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Canadian women fall in rugby sevens final while Canadian men finish fifth


HAMILTON, New Zealand — The Canadian women finished runner-up at the HSBC New Zealand Sevens on Sunday while the Canadian men finished fifth.

Canada lost 24-7 to host New Zealand in the women's final. The Canadian men, who missed out on the Cup semifinals on point differential, defeated the U.S. 28-7 in the fifth-place playoff for its best performance of the season.

New Zealand won the men's final, downing France 27-5 in a game that saw two French players sent to the sin-bin. The title was New Zealand's 60th in series history and 10th on home soil. The All Blacks lead the HSBC World Rugby Sevens Series standings, having also won in Cape Town and finished runner-up in Dubai.

Australia beat England 33-21 for third place in the men's tournament.

The New Zealand women improved their all-time record in finals against Canada to 7-0 — the Black Ferns also won the championship game in Dubai when the two met earlier this season. New Zealand also extended its winning run to 13 matches against Canada, whose only win against the Black Ferns came in Sao Paulo in February 2016.

Canada beat Ireland, Spain and France in group play before downing Australia 28-19 in semifinal action.

The Canadian attacked for most of the first half with Britt Benn crashing over for the first try after New Zealand was penalized in its handling of a probing Canadian grubber kick. New Zealand's Ruby Tui was sin-binned on the scoring play for a high tackle.

New Zealand came on strong as the half wore down and Michaela Blyde crossed the line to tie the game at 7-7 at the break.

Blyde gave New Zealand a 12-7 lead, slicing through the Canadian defence. Niall Williams and Stacey Fluhler scored late tries to make it 24-7. Fluhler become the first player to score 10 tries in a tournament since teammate Portia Woodman did it in Glendale, Colo., in October 2018.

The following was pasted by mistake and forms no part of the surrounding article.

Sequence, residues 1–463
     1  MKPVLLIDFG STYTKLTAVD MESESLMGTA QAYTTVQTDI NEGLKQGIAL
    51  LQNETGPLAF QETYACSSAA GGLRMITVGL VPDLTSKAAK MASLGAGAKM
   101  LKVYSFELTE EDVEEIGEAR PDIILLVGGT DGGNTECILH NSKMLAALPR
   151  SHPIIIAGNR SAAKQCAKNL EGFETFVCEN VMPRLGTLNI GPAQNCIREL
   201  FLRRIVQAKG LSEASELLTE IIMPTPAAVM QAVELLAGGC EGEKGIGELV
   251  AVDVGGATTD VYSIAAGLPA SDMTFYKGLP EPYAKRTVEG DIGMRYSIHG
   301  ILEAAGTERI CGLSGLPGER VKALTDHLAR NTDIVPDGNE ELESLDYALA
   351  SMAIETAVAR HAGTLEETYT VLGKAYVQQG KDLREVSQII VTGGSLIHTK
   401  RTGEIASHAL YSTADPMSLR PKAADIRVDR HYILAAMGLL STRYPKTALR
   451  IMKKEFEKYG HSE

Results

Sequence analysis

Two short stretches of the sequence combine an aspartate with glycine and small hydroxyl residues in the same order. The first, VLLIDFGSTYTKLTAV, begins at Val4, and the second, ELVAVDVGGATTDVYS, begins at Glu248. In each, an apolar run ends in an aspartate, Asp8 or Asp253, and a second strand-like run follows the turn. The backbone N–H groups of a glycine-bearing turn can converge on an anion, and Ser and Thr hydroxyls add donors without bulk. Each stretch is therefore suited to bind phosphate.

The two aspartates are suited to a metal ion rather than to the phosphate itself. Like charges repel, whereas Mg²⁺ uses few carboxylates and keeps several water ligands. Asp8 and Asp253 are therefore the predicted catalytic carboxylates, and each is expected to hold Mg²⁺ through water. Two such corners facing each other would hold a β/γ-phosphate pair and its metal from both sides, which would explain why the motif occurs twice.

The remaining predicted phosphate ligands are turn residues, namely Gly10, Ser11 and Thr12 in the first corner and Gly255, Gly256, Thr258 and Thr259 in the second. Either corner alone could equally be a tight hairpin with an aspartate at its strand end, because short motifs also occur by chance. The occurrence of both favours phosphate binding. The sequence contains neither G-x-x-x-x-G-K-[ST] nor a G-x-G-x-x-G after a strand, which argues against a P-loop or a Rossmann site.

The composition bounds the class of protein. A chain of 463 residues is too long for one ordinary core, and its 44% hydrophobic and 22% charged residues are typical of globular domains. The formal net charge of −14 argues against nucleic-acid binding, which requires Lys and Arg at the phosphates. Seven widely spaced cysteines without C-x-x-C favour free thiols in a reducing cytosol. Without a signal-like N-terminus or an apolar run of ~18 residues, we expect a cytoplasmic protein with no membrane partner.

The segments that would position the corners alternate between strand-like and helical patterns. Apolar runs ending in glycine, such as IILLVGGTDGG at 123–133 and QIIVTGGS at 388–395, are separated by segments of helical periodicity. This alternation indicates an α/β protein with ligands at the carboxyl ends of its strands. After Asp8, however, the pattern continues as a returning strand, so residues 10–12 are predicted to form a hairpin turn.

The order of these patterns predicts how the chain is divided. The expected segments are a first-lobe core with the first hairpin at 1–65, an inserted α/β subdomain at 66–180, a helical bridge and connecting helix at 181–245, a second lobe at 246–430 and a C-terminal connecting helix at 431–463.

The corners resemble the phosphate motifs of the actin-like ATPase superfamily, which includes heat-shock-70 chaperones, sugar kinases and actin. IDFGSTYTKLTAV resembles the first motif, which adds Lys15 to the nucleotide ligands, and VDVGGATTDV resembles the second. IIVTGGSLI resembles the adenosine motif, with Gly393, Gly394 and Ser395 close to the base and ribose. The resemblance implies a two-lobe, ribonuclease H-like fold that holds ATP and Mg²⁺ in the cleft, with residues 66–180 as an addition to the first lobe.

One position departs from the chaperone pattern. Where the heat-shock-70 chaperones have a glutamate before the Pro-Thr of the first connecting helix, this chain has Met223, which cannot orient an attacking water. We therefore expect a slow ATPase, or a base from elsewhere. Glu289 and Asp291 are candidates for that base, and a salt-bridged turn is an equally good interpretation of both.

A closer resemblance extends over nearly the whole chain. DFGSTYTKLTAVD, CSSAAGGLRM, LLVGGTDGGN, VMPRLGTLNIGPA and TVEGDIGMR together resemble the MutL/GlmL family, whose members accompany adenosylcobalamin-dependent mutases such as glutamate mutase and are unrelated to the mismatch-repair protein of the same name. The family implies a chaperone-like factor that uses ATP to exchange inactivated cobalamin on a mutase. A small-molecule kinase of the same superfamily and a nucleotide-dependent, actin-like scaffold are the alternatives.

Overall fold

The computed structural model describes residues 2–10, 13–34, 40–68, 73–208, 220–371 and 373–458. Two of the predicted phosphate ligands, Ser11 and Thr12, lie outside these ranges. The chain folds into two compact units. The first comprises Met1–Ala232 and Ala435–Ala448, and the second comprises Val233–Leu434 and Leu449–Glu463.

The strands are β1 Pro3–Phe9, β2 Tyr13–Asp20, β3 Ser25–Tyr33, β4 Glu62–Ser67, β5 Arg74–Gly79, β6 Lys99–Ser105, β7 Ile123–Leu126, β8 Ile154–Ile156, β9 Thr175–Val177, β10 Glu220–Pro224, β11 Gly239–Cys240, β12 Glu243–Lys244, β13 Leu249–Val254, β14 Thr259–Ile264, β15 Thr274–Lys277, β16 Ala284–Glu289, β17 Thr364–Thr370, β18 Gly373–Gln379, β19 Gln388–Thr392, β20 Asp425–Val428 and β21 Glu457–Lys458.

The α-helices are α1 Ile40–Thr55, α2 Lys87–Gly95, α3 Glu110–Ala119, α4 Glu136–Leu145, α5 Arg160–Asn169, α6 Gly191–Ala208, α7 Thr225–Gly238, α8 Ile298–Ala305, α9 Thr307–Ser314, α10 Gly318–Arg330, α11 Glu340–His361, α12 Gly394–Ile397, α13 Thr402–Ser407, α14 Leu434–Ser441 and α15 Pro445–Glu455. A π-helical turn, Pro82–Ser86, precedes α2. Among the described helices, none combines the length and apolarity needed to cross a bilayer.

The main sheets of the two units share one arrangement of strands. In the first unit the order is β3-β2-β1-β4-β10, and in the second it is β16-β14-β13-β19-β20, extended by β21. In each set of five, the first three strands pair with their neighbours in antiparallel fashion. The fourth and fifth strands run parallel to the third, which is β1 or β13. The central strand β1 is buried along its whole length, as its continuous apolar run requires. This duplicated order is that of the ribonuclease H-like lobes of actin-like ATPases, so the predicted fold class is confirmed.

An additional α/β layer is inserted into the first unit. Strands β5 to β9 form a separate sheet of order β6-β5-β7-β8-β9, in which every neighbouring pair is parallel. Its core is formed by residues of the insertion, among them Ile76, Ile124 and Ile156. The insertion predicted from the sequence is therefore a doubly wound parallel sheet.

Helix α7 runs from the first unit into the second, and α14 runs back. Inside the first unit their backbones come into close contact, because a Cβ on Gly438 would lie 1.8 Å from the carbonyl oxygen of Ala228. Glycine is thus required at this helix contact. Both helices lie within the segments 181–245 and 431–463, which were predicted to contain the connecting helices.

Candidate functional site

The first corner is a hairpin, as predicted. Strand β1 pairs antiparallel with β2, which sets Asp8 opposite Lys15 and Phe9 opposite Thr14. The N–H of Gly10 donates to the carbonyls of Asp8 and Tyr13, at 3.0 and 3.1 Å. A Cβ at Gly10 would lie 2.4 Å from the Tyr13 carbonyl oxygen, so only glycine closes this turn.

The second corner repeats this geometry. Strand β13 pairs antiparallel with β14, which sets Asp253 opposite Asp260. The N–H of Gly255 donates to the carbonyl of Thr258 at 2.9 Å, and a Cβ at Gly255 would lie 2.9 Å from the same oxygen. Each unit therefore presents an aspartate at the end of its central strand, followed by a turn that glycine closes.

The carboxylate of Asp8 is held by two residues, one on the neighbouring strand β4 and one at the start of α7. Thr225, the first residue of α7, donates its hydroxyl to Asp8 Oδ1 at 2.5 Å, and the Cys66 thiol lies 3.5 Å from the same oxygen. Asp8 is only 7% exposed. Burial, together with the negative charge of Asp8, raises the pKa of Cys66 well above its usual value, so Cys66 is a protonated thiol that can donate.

"This is massive. To everyone who has supported us over the last couple of days, thank you very much. We love all of our fans here in New Zealand,"

"It was the heart and grit that got us over the line, we've been training for this for so long to be playing in New Zealand," said captain Sarah Hirini." Canada are amazing but the way that the girls fought to get the ball back in — obviously we've got some speedsters to score us some tries as well."

New Zealand leads the Series standings with 76 points midway through the eight-event season, having also won in Dubai and Cape Town after a third-place finish in Glendale.

Australia, which finished fourth, stands second with 64 points. Canada moved up one place to third with 62 points, two ahead of the U.S. France, which placed third, stands fifth with 56 points.

Canada's Kayla Moleschi and Benn made the tournament Dream Team.

On the men's side, Canada managed to win two of its pool matches but failed to advance to the medal bracket due to points differential. France moved on to the final four ahead of Canada.

The Canadian men closed out the tournament on a positive note, running up a 21-0 halftime lead over the Americans in the fifth-place playoff. Theo Sauder, Lucas Hammond, Pat Kay and Phil Berna scored tries for Canada with Kay adding four conversions.

The performance moved Canada from 12th to ninth in the standings after three tournaments.

The teams head next to Sydney, Australia, for next weekend's tournament.


This report by The Canadian Press was first published Jan. 26, 2020.

The Canadian Press